Call centre agents at the GIC field approximately 6,000 calls a day, between 8.00am to 10.00pm daily, with the peak times being 8.00am – 12 noon and 4.00pm – 8.00pm. There are currently 24 agent positions and 30 agents working at GIC. All agents are below 30 years of age made up of 13 male and 17 female agents. Last year (2012), the GIC received more than one million calls – 1,512,721 to be exact. In 2013, in the first three months alone, the number of calls were higher than all calls received in the whole of 2007. The service is clearly catching on.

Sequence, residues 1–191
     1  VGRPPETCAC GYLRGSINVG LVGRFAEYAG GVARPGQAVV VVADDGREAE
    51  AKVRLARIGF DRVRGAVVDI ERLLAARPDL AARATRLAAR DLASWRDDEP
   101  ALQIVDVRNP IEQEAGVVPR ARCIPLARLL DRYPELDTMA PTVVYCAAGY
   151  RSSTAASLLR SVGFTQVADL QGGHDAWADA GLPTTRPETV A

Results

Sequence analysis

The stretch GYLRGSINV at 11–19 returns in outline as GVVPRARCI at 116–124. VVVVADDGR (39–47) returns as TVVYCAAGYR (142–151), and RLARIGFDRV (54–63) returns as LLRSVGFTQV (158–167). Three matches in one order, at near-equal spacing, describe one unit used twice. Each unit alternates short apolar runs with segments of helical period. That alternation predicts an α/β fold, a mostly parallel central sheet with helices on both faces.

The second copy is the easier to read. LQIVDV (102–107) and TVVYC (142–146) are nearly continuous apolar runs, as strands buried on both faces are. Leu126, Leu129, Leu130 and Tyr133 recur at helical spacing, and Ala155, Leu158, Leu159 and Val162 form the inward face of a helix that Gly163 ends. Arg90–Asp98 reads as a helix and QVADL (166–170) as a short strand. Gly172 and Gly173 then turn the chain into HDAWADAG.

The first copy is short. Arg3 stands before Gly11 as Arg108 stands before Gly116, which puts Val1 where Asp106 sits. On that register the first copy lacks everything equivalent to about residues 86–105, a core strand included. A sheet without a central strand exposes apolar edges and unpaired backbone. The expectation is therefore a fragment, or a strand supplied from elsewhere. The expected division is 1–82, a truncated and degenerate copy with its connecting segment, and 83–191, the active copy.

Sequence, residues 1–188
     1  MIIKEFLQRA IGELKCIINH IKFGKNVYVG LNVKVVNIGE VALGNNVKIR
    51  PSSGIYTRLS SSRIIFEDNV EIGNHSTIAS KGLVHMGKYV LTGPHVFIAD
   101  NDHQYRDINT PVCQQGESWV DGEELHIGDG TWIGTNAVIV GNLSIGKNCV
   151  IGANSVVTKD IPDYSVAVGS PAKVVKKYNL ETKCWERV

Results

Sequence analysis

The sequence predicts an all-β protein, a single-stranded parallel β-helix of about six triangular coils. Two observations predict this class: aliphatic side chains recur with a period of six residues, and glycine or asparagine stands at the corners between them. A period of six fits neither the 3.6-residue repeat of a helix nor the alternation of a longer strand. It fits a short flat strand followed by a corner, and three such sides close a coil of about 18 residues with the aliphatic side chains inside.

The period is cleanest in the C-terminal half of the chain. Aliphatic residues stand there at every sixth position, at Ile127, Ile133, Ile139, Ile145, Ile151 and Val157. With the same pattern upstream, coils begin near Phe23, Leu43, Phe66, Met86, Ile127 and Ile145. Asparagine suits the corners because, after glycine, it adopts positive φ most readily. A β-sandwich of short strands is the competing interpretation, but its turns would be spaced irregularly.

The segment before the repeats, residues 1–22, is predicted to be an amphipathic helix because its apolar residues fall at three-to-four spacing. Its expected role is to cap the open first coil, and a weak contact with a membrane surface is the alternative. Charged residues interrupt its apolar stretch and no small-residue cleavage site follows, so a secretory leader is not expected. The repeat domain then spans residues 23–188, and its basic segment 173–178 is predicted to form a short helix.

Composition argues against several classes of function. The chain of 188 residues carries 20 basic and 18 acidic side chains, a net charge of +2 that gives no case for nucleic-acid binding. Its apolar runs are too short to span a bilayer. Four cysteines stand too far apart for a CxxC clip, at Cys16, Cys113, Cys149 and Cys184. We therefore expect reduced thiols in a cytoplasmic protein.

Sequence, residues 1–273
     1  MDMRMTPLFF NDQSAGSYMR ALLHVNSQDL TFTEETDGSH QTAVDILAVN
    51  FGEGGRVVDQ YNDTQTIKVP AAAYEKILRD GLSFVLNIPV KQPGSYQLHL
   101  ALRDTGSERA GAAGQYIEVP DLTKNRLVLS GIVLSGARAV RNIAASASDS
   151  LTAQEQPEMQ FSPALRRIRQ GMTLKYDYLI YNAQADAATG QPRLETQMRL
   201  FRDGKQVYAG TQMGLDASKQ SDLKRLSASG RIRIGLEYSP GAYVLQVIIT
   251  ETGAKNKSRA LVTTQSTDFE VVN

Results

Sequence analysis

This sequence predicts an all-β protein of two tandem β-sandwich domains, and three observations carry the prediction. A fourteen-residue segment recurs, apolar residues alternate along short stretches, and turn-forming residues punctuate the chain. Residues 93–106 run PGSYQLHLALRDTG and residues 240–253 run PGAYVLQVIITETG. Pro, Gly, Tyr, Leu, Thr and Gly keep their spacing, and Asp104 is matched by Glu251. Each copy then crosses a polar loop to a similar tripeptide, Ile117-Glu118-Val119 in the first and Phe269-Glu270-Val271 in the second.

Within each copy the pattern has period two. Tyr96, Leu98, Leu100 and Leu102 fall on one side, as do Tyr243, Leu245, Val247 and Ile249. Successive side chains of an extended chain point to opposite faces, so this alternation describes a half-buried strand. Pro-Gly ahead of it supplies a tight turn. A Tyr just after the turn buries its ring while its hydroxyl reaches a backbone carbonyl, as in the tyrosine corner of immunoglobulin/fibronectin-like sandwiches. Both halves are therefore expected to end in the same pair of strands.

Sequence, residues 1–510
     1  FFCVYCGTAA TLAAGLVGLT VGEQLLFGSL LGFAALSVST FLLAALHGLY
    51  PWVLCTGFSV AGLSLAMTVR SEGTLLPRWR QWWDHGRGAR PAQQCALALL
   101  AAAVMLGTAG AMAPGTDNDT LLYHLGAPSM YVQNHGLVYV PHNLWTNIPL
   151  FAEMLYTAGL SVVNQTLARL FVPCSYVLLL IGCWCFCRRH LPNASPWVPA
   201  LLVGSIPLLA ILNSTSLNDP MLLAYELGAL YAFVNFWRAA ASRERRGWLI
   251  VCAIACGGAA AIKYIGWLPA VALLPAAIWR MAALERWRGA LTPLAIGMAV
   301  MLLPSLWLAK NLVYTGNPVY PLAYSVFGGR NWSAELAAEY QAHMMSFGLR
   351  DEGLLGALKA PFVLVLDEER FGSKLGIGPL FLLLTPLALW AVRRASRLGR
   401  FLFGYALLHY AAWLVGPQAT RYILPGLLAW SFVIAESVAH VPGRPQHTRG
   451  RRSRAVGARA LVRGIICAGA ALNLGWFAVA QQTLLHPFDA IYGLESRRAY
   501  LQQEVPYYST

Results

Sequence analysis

Although it is a trilingual service and agents are on hand to respond to any call in English, Sinhala or Tamil, information on the government’s Open Data portal show that an overwhelming majority of calls – 95% – are received from Sinhala-speakers, while only around 3% of queries are from Tamil-speakers. Looking at the district and province-wise origin of calls also provides some interesting insights because geographically, too, the spread is skewed. Nearly 80% of all calls originate from just four provinces – Western, Southern, North Western and Central. Around 53% of calls originate from the Western Province – the highest – while the Northern Province records the lowest with 2.3% of all calls. People in some of Sri Lanka’s most disconnected districts – Eastern, Northern, and Uva seem to be using 1919 to connect to government services the least. Of all calls received in 2011, only 8.2% were from these regions. Strong efforts to popularize and familiarize the service among people in these areas will be critical to making this a truly nationwide revolution in bringing government closer to the people.